Off-campus UMass Amherst users: To download campus access theses, please use the following link to log into our proxy server with your UMass Amherst user name and password.

Non-UMass Amherst users: Please talk to your librarian about requesting this thesis through interlibrary loan.

Theses that have an embargo placed on them will not be available to anyone until the embargo expires.

Document Type

Open Access

Degree Program

Industrial Engineering & Operations Research

Degree Type

Master of Science in Industrial Engineering and Operations Research (M.S.I.E.O.R.)

Year Degree Awarded

2010

Month Degree Awarded

February

Keywords

nursing education, eye tracker, human performance

Abstract

This study evaluates the application of an eye tracking device in nursing education. An experiment is designed to test the effectiveness of the eye tracking device used as a tool for providing instructional feedback in error identification and recovery by nursing students undertaking tasks in a simulated clinical setting. This experiment is performed on three groups of nursing students. In the first phase, all groups are tested in a simulated clinical scenario and their eye movements are recorded using an eye tracking device. In the second phase, the evaluation only group (control group) gets instructors’ feedback regarding their performance without referring back to the eye tracker record. The eye tracker only group (experimental group A) is provided with a video of their eye movements which was recorded during their first simulated exercise, but receives no feedback from the instructors. The combined group (experimental group B) is provided with both instructors’ evaluations and their eye movement video. Finally, in the last phase, all the groups are tested once again in the simulated clinical settings. Their performance is observed and compared to determine their relative improvements. Based on these improvements, it will be possible to determine whether an eye tracking device by itself or in combination with evaluation serves as a helpful instructional source during nursing education.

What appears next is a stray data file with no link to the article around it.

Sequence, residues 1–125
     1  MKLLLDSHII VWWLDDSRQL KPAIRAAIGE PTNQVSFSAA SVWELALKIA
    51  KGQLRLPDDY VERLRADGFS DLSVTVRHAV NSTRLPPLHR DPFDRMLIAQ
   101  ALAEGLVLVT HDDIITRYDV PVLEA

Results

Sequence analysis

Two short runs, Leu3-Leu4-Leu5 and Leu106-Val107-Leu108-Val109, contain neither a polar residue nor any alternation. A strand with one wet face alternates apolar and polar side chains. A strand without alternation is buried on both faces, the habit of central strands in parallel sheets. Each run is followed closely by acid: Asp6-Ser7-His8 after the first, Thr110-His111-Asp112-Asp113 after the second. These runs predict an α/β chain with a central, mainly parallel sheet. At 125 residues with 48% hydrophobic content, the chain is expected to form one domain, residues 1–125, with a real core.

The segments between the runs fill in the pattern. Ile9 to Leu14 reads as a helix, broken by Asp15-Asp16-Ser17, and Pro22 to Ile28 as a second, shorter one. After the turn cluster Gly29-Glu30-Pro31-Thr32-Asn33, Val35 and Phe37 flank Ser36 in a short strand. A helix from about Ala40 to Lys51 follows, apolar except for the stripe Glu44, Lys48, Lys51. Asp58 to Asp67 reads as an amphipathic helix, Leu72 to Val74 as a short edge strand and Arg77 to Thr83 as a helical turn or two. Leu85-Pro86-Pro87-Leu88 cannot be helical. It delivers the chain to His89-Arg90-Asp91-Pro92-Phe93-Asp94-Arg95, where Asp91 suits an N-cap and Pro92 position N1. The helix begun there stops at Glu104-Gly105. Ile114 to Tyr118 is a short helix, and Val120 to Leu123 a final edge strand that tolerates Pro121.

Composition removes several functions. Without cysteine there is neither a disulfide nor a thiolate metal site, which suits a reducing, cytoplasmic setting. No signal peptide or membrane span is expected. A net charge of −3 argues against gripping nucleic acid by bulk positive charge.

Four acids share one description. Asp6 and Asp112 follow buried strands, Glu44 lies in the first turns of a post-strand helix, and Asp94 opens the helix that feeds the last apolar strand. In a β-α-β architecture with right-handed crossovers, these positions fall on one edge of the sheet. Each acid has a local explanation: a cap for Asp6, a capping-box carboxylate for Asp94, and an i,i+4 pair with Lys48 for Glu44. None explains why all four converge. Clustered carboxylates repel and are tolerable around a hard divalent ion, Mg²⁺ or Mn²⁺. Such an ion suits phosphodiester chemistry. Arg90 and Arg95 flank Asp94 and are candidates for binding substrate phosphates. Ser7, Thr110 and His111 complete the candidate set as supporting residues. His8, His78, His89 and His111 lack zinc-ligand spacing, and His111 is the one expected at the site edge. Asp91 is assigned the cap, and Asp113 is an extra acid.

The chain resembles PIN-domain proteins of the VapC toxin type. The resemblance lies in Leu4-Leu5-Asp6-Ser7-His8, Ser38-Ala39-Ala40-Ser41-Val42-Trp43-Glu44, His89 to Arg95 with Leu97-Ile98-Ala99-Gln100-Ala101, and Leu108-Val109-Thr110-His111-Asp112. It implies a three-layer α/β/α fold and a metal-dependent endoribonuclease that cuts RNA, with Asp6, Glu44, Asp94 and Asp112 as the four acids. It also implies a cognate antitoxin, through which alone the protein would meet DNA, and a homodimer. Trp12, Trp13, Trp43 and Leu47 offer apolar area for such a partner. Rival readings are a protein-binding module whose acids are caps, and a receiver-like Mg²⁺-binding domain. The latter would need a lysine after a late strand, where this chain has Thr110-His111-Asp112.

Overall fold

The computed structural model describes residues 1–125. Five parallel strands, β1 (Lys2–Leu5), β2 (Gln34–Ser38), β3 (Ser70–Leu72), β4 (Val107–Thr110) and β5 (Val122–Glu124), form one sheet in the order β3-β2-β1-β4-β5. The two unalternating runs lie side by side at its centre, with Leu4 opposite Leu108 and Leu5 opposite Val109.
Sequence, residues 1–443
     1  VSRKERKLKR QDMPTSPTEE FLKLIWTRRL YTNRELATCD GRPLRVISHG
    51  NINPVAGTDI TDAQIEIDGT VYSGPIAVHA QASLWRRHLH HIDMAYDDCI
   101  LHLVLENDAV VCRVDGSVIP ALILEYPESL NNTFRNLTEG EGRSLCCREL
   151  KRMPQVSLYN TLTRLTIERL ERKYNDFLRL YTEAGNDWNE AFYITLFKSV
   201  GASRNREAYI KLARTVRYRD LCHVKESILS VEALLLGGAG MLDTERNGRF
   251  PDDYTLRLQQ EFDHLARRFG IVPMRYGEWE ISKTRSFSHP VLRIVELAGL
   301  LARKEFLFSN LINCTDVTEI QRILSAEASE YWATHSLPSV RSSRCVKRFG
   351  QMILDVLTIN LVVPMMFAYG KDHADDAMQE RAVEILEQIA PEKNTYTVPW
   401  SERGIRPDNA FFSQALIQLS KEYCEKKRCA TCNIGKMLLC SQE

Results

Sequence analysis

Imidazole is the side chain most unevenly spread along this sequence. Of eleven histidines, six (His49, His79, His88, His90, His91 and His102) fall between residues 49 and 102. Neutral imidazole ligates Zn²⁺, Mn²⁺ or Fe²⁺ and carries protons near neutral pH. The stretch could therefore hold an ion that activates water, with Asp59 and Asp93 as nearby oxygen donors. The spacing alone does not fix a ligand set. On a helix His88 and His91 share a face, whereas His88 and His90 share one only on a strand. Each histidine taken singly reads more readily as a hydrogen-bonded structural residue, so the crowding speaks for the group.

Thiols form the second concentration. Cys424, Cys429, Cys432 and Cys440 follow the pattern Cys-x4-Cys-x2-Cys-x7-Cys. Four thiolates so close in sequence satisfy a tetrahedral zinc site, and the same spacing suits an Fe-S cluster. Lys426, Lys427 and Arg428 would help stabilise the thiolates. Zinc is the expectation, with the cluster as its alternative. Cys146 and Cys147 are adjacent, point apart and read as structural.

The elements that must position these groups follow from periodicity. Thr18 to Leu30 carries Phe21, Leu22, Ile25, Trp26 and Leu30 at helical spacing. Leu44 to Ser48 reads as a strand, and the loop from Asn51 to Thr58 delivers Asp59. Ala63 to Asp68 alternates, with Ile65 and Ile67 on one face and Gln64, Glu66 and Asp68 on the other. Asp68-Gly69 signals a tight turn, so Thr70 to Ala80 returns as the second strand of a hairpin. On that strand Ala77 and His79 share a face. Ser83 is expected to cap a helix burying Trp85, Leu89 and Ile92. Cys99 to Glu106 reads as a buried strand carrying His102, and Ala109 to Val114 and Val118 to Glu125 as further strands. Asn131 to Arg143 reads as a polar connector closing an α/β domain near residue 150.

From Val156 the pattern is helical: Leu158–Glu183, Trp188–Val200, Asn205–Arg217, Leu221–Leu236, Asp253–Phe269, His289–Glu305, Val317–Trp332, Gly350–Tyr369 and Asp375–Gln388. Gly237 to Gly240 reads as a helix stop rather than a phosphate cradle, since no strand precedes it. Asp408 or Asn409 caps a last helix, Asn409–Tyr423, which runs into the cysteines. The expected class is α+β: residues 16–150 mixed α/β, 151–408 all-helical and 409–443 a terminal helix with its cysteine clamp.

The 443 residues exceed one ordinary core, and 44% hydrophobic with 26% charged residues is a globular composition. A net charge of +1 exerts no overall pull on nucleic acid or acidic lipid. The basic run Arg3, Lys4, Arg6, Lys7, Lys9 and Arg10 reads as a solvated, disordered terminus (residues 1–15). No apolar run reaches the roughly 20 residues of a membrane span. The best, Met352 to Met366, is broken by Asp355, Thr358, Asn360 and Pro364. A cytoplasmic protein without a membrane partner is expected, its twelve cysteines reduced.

First Advisor

Donald Fisher

Included in

Ergonomics Commons

Share

COinS